The ACT Government is gearing up for a fight with the Federal Government over the impending introduction of territory legislation for marriage equality in the Legislative Assembly. This follows confirmation last week by the federal Attorney-General, Senator the Hon George Brandis QC, that the Federal Government will challenge the law in the High Court as soon as it is passed.
The Marriage Equality Bill 2013 was introduced to a standing ovation in the public gallery of the Legislative Assembly in September. It is expected to pass the Legislative Assembly in the October sitting period as all eight Labor MLAs and the one Greens MLA will support it. The bill provides for both Canberra residents and interstate visitors to be married in the ACT. ACT Leader of the Opposition Jeremy Hanson has stated that the ACT Liberals’ opposition to the bill is not opposition to gay marriage, but is due to marriage being a federal responsibility.
ACT Attorney-General Simon Corbell issued his opening salvo to the Federal Government by stating that any ”attempts to stymie, block or prevent reform will only lead to an even greater impetus for it”.
Brandis’s and the Commonwealth’s position is that marriage laws should be consistent across Australian states and territories and further, that it was solely constitutionally the domain of the Federal Government. Brandis cited the legal opinion of the Commonwealth Solicitor-General in support of his position. However, Corbell asserted proof of legal opinions from constitutional law experts that it was possible for the ACT to proceed in their action.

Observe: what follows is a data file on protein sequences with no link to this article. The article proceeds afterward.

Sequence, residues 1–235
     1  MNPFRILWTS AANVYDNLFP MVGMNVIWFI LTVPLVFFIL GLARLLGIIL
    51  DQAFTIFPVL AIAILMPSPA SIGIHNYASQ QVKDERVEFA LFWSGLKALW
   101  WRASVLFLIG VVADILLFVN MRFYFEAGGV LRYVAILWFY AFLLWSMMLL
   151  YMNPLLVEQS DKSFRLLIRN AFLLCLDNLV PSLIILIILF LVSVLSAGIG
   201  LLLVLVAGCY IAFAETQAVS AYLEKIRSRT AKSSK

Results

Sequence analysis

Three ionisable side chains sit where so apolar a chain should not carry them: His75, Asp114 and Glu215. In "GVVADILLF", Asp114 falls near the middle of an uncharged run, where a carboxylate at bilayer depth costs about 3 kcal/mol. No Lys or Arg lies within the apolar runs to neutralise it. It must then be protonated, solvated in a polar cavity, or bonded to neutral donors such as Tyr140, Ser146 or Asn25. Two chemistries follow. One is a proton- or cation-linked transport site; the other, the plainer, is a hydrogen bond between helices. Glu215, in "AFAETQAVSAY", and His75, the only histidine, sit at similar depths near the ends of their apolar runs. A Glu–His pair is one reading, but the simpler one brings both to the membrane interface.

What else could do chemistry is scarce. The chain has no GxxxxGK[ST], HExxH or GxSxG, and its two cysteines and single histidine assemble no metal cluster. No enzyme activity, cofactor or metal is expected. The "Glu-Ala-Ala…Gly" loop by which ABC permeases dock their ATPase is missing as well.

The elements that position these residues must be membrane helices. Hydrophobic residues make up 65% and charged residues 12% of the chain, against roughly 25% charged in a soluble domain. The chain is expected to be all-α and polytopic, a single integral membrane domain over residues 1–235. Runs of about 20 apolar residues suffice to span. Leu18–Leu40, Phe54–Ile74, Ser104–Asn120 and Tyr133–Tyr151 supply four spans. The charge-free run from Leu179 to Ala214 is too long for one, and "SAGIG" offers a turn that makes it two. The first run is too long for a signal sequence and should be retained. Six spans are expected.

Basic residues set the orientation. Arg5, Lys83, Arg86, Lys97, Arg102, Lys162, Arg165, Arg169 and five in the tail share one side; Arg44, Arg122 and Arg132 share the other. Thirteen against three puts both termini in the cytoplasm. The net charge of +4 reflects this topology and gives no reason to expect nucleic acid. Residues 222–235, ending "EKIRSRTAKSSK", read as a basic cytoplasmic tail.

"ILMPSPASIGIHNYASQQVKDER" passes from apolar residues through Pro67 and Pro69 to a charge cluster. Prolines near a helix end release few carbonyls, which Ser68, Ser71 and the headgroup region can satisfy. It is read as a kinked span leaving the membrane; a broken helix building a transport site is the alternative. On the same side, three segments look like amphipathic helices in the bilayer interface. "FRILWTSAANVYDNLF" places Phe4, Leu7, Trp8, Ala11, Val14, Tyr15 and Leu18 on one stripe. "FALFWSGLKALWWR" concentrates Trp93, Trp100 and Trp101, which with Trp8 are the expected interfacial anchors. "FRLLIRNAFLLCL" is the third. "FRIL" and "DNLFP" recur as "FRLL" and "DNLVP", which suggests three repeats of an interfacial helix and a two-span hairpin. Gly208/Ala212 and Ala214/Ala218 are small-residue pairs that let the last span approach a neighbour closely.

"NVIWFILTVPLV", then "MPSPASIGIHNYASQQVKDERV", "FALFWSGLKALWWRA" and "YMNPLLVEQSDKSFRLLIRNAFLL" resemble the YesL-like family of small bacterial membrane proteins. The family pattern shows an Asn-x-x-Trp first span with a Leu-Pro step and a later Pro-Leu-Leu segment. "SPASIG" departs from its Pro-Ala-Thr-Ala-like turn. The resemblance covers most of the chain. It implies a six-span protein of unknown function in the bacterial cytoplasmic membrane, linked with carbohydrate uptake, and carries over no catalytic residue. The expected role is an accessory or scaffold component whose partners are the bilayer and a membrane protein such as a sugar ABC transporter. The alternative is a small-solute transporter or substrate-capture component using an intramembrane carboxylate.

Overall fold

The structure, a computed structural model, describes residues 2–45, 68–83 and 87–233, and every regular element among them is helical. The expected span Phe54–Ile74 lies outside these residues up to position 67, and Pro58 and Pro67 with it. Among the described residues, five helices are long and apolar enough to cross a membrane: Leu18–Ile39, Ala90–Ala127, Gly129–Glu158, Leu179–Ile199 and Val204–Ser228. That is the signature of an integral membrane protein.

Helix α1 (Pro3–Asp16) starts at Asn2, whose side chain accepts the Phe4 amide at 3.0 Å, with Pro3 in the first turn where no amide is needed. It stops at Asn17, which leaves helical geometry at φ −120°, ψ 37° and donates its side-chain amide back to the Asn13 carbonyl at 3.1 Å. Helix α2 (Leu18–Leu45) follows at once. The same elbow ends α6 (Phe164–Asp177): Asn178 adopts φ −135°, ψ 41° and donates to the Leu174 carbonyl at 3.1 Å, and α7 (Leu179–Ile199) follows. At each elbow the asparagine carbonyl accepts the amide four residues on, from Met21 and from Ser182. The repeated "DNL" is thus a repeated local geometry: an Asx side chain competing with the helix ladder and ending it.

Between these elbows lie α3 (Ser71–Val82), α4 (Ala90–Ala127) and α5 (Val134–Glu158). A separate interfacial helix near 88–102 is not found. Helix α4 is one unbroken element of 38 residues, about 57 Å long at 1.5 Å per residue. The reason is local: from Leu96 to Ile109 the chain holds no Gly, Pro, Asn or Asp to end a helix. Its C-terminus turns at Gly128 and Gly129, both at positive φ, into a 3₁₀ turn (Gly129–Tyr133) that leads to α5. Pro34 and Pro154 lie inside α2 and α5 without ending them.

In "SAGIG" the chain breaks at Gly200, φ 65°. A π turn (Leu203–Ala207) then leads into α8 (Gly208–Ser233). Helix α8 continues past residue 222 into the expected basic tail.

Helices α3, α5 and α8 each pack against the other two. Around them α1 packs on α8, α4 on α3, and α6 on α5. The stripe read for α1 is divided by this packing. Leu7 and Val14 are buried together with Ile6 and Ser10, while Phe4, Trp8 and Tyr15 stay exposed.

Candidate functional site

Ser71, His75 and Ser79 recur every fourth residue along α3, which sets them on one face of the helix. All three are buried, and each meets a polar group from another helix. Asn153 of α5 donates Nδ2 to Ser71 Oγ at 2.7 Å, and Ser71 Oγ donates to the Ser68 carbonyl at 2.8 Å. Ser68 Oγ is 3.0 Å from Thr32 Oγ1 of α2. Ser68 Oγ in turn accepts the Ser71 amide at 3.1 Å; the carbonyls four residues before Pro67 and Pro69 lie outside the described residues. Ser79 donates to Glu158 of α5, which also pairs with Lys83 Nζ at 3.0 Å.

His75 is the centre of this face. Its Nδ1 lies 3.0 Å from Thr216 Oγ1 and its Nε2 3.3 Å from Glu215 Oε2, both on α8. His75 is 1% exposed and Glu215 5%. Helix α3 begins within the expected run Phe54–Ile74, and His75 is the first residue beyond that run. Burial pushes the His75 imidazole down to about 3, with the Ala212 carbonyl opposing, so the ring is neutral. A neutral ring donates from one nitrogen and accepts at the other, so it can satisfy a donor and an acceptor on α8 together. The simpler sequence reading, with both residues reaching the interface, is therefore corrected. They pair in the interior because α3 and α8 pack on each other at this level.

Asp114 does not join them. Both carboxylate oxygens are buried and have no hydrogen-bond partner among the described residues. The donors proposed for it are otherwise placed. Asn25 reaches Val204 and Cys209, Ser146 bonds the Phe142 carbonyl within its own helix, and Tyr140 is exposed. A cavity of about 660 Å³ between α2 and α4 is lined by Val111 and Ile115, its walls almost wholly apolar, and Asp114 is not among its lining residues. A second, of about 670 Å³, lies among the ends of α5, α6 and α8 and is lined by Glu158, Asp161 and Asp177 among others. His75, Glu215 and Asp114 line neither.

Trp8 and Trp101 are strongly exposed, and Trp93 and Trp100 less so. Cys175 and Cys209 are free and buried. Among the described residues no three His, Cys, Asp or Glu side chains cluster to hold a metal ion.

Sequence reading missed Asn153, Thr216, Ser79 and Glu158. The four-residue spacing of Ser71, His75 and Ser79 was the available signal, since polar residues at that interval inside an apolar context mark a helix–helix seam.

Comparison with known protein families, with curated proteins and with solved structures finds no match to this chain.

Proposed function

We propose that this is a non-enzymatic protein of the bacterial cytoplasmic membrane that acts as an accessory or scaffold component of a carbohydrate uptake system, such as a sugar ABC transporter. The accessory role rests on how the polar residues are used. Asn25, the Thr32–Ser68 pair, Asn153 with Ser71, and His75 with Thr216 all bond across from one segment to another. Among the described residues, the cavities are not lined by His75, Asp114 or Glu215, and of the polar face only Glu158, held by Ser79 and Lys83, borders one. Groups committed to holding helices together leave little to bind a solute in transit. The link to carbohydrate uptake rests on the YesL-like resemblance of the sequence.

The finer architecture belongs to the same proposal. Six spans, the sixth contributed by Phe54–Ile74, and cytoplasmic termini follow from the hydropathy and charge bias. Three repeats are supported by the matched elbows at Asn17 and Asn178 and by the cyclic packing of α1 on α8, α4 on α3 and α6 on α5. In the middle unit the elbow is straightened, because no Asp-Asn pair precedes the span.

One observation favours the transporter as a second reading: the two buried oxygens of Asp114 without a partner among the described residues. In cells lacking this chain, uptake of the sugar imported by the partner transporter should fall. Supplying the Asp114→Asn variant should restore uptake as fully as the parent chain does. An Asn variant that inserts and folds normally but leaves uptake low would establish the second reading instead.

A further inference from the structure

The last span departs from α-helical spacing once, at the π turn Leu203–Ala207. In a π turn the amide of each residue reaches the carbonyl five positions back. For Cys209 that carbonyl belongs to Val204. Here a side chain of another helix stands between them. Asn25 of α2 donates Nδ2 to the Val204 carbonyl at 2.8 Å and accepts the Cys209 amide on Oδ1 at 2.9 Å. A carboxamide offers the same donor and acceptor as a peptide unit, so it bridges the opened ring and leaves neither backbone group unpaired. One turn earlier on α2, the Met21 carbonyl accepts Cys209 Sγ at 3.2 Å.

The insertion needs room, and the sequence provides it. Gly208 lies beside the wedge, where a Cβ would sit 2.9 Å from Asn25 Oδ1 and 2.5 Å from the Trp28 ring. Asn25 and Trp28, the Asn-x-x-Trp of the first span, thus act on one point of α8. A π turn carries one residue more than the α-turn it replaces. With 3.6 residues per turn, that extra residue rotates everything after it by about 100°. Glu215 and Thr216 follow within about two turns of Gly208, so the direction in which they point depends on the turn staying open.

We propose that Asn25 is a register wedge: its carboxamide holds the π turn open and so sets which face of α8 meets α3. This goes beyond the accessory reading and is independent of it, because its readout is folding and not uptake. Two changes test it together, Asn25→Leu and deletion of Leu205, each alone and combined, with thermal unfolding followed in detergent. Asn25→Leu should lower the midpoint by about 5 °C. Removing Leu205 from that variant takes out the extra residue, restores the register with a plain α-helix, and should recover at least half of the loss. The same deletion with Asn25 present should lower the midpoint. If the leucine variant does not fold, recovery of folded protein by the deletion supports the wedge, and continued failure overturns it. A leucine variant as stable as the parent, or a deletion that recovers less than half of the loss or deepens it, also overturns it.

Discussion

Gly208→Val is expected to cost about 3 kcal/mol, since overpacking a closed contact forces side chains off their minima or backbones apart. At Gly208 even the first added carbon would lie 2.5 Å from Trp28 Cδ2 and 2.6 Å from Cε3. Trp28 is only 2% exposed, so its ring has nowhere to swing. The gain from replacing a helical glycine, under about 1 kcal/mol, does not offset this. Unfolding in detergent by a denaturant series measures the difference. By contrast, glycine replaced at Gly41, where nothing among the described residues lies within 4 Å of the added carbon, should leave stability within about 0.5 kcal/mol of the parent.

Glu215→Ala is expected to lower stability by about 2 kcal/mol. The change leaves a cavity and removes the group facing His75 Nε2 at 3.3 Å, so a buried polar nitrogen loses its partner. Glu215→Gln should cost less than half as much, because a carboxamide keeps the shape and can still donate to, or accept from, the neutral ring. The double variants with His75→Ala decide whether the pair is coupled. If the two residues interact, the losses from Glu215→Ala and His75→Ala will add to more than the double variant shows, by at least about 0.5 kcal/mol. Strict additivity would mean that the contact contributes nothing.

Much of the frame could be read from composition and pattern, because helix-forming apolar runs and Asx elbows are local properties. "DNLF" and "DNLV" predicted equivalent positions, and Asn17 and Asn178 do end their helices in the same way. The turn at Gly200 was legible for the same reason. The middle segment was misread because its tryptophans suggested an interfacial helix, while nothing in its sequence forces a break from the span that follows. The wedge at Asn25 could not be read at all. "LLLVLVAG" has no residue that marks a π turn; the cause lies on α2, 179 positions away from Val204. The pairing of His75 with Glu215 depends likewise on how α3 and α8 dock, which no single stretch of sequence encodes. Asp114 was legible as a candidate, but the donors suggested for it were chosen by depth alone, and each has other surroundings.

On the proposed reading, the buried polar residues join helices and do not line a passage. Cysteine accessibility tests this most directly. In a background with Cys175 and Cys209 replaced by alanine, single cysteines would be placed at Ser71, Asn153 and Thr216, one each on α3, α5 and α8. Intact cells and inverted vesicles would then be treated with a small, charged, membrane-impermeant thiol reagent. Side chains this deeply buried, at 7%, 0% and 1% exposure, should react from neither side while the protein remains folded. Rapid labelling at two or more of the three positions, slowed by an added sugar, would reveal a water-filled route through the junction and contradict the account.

Senator Brandis further requested that the ACT Government delay passage of the bill until its constitutionality was assured by the High Court. However, this request was denied by the Labor Chief Minister, Katy Gallagher.
The ACT has historically been a trailblazer for LGBT relationship legislative reform. In 2006, the ACT Legislative Assembly passed a bill legalising civil unions for same-sex couples, the first jurisdiction in Australia to do so. However, the Commonwealth overturned the law using the executive powers which then existed to overrule Territory legislation. Since the passage of 2010 legislation pursued by then-Greens leader Bob Brown, Territory legislation is no longer subject to simple overrule by the Federal Government and must instead be challenged in the High Court or by the vote of both houses of Federal Parliament.
Several other state governments are also independently pursuing legislation on marriage equality within their own jurisdictions. New South Wales’s same-sex marriage bill served as the model for the ACT’s and has been drafted, awaiting introduction into NSW Parliament with cross-party support. Furthermore, a report from the Tasmanian Institute of Law Reform stated that there was no legal impediment for that state or others to enact marriage laws independent of the Commonwealth. However, Constitutional norms dictate that when state/territory and Commonwealth laws conflict, the Commonwealth legislation takes precedence.
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